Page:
The host plant residues remaining in the soil are the primary source of FHB infection. Meteorological conditions, such as frequent rainfall and high relative humidity enhance the production of inoculum on the residues and increase disease prevalence for the development of FHB epidemics (Pereyra et al., 2004; Mourelos et al., 2014). Extended periods of high relative humidity (= 90%) and warm temperatures (from 15 to 30 °C) during cereal anthesis facilitate the infection of plants (De Wolf et al., 2003). Control strategies relied on breaking the disease cycle, by developing resistant host cultivars and reducing the severity of the disease through management strategies, since little can be done to manipulate the environment (Gilbert & Tekauz, 2011). The crop rotation along with non-cereals was found to reduce mycotoxin concentrations and Fusarium infestations in cereals (Bernhoft et al., 2012).

The primary host plants of F. graminearum species complex include wheat, barley, rice, oats, triticale, rye, as well as maize, in which F. graminearum may cause ear and stalk rots. Nonetheless, the disease symptoms caused by this fungus extended and recently were found and reported in some non-graminaceous crops. F. graminearum is implicated as the cause of tap-root and yellowing of sugar beet, root and seedling roots of soybean and dry rot of potato in the USA, and in root rot of pea in Canada (Ali et al., 2005; Hanson, 2006; Broders et al., 2007; Burlakoti et al., 2008; Bilgi et al., 2011). The fungus has also been isolated from several symptomless weeds (Pereyra & Dill-Macky, 2008; Mourelos et al., 2014). The observations of alternative hosts of F. graminearum have epidemiological implications in the persistence, spread and management of F. graminearum in cereals and non-cereal plants, considering they are frequently grown in crop rotation. Burlakoti et al. (2008) demonstrated substantial genetic exchange among populations of G. zeae across cereal and non-cereal hosts and across wheat cultivars. The genetic similarity among populations of F. graminearum from barley, wheat, potato and sugar beet could be part of a large overall population. Also, F. graminearum isolates from potato and sugar beet can induce additional FHB symptoms in wheat and produce different mycotoxins in wheat spikes and rice grain (Burlakoti et al., 2008; Christ et al., 2011).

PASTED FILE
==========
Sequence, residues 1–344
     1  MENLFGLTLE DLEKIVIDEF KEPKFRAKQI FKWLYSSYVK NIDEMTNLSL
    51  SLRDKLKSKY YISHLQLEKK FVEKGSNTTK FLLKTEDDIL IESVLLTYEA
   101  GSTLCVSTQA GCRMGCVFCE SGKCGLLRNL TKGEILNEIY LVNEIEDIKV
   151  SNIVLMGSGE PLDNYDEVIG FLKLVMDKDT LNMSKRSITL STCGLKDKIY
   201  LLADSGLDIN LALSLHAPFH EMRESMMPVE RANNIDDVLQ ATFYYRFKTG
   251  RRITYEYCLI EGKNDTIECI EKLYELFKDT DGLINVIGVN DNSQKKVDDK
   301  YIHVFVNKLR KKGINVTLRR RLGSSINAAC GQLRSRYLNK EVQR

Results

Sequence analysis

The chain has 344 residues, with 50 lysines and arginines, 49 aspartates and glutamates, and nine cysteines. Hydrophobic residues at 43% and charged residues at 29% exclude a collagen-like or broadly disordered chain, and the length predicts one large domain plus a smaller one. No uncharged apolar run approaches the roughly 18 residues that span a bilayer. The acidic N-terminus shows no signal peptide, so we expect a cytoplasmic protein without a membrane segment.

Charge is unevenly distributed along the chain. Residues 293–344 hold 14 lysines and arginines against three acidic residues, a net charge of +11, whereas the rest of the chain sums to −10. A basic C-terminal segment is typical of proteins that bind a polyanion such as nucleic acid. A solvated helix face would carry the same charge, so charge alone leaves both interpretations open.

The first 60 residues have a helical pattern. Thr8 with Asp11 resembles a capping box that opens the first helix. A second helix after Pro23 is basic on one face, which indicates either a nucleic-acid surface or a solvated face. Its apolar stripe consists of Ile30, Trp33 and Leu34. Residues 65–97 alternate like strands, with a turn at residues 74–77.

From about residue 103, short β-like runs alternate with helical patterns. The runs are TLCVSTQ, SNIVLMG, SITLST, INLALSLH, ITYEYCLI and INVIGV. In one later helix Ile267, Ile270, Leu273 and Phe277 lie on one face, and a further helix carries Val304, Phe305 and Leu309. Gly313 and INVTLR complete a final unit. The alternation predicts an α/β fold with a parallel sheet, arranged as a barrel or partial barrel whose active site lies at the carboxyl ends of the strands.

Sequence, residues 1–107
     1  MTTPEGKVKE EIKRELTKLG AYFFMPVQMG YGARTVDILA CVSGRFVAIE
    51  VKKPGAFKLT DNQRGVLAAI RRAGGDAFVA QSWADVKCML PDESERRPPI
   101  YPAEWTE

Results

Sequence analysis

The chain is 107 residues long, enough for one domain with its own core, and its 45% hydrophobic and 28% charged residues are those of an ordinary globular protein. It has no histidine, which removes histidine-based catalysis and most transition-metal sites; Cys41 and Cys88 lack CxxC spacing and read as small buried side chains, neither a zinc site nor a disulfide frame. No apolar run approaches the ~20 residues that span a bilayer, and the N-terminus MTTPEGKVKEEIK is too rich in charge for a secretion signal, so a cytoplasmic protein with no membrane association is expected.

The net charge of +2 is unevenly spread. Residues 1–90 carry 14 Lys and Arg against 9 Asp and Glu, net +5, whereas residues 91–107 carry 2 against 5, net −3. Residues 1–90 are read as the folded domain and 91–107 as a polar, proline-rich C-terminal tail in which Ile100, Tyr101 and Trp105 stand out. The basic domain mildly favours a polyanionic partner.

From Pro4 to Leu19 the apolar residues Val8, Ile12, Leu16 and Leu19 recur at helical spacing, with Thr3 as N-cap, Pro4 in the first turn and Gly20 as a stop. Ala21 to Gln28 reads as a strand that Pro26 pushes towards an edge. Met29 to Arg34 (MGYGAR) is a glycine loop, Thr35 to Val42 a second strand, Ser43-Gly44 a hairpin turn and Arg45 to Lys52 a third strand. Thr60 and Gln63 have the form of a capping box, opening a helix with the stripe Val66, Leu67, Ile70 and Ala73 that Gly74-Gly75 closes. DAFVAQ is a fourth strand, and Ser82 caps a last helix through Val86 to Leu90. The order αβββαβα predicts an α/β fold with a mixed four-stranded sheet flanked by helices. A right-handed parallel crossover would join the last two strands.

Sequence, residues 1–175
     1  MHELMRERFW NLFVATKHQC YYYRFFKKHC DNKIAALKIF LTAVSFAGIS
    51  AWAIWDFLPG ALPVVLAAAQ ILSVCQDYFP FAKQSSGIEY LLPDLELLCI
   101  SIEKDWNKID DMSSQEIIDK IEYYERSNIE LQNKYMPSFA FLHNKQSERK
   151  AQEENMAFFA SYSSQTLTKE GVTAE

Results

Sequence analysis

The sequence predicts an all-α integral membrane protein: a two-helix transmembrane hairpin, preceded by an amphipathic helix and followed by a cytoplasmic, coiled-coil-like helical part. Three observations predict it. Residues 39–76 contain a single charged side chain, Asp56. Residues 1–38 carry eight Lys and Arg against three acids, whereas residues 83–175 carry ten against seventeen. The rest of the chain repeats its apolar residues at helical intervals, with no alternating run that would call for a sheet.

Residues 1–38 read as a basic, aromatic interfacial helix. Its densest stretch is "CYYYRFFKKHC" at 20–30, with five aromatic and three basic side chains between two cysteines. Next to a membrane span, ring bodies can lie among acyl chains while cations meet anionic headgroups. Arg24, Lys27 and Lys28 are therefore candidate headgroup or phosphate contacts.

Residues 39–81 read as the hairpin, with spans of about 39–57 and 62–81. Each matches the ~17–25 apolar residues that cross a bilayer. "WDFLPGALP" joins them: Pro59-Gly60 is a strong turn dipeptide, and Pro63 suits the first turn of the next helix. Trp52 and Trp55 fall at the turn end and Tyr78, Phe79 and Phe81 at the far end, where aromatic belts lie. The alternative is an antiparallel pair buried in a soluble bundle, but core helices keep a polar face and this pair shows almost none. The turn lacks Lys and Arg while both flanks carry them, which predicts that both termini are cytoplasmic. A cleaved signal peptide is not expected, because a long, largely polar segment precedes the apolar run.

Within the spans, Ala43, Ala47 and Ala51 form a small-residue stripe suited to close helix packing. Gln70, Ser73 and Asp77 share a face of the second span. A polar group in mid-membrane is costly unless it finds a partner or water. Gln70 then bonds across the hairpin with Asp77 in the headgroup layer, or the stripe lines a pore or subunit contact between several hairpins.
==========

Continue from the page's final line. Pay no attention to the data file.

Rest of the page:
Formerly, FHB used to pose minimal threat to cereals in Lithuania. An outbreak of this disease was observed only in 2012, and since then it has persisted as a severe problem (Mankeviciene et al., 2014; Suproniene et al., 2016a,b). Then, given that in Lithuania F. graminearum is a comparatively new pathogen in cereals, the ecological and epidemiological factors that play an essential role in the adaptation and survival of this fungus in the cropping systems are not yet well-defined. Variation between F. graminearum isolate aggressiveness has been observed (Purahong et al., 2014; Vaughan et al., 2016).